Once upon a time in Cagnes-sur-Mer, in the heart of the Côte d’Azur, the Alpes-Maritimes Department’s first wastewater treatment plant was built. It recycled wastewater by eliminating pollutants before discharge into the sea, resulting in clean natural water that was hazard-free for the people of Cagnes-sur-Mer. After nearly 60 years of existence it had aged, however, and no longer worked very well, especially following heavy rainfall. And its city centre location began to increasingly aggravate the town’s residents due to the odours and pollution generated.
Furthermore, because of climate change, heavy rain has become more and more frequent, which is a real problem for the town of Cagnes-sur-Mer.
“We have been working on this wastewater treatment plant project for 21 years now. At the end of this long tunnel of administrative and technical complications, the new wastewater treatment plant will enhance the well-being of the people living in Cagnes-sur-Mer and improve the lives of future generations”, says Louis Nègre, Chairman of SYMISCA, the contracting authority for the project.
The project concerns the replacement of the old wastewater treatment plant with a new one, which is expected to be commissioned in 2019 and become operational in 2020. It will be located between the railway line and the motorway to minimise the impact on the residents and on the environment. SYMISCA wanted a new plant with very high-tech equipment, in terms of both the quality of treated water and the recovery of sludge.
The operation will cost EUR 106.5 million, partly financed by the European Investment Bank (EIB) via the bank BPCE. This loan forms part of an EIB framework loan for BPCE totalling EUR 600 million in support of some 50 French municipalities in the field of water and sanitation.
“The EIB supports wastewater treatment in general”, says Emmanuel Chaponnière, an EIB engineer. “When we examined SYMISCA’s new wastewater treatment plant project, we found only good reasons to finance it.”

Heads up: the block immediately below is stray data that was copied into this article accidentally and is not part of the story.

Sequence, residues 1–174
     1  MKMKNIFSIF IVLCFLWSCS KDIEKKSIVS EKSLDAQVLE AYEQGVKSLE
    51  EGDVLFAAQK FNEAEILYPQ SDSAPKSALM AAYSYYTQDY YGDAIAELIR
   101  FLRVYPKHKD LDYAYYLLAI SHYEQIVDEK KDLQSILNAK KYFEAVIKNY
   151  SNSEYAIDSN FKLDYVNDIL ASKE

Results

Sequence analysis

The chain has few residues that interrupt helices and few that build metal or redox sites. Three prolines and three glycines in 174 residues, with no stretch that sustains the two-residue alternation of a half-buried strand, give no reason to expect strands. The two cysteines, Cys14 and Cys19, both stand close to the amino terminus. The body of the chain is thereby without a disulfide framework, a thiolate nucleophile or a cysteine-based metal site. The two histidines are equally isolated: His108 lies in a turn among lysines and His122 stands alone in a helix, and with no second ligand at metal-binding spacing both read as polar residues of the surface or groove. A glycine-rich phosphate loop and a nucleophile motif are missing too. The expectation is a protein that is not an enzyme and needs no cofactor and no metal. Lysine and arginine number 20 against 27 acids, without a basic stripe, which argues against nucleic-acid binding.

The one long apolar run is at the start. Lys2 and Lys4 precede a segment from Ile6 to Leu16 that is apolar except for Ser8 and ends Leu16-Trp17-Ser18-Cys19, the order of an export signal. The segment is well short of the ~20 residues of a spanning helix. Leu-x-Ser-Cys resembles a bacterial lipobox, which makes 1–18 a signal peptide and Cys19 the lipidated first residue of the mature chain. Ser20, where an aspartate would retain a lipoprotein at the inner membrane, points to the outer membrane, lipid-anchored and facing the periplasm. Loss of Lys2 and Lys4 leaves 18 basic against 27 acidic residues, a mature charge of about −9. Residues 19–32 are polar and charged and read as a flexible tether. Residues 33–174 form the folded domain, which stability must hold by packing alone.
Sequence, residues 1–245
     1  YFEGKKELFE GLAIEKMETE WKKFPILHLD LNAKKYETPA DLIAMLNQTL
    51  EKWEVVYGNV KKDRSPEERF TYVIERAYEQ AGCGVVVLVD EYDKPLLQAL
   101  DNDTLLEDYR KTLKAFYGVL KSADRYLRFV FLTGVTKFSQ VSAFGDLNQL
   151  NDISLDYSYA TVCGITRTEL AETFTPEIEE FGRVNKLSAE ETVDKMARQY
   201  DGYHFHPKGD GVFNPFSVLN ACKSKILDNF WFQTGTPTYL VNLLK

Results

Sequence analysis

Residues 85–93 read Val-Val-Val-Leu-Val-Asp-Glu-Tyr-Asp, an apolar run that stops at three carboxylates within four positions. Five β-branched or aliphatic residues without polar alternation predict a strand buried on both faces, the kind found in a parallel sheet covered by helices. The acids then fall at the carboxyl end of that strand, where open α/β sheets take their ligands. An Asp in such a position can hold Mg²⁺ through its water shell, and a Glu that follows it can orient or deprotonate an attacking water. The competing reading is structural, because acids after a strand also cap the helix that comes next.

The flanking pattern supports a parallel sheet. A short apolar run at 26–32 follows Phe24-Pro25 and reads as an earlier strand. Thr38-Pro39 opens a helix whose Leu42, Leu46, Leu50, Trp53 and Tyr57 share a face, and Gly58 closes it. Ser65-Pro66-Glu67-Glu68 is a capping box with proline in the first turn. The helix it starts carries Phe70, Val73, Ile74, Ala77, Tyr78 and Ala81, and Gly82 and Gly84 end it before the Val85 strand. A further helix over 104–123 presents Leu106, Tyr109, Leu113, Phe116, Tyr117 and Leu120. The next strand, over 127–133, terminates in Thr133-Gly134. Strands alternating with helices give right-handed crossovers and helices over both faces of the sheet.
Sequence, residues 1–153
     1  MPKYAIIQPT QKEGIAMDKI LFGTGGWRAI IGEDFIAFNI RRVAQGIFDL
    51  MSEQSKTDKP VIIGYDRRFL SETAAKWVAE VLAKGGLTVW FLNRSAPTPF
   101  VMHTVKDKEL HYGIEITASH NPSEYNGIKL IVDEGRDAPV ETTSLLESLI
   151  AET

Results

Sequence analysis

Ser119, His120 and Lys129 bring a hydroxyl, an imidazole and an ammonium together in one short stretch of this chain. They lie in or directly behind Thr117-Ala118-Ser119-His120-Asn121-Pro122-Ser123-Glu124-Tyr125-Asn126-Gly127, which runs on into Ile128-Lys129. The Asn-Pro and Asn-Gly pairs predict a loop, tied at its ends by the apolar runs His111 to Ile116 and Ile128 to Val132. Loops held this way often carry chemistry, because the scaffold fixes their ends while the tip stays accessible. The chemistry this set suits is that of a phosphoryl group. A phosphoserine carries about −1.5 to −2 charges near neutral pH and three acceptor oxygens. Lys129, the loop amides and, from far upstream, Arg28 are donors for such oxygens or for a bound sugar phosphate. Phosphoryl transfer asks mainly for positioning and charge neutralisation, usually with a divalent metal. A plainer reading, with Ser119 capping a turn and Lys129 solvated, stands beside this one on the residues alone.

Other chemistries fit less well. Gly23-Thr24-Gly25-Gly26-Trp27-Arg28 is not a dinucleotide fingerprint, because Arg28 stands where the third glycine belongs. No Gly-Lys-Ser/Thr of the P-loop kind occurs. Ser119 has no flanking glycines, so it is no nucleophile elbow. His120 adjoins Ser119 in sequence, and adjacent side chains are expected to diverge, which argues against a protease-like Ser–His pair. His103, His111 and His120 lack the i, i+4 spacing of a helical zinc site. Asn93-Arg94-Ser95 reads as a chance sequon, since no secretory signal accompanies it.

Innovation for water
The new plant will be highly efficient — it will treat the wastewater generated by the equivalent of 160 000 people in the event of heavy rainfall. “In this case, the wastewater will be stored in a stormwater basin in order to limit overflows of untreated water into the natural environment. The wastewater will then be sent back to the new plant to be treated”, explains Karelle Delugin, project manager at Métropole Nice Côte d’Azur for SYMISCA.
The Aéris project includes a new stormwater basin at the site of the old plant where the various water collection networks will converge. Thanks to this stormwater basin, overflows into the natural environment will be substantially reduced.
Bathing water quality will also be improved thanks to the installation of a new, longer and deeper sea outfall (pipe for outflow of treated water) as part of an eco-design initiative to minimise the impact on biodiversity.
Innovation will also be a core feature of the Aéris project with the design of a highly automated and completely airtight plant that will help contain odours and limit associated pollution via a tailored air treatment system.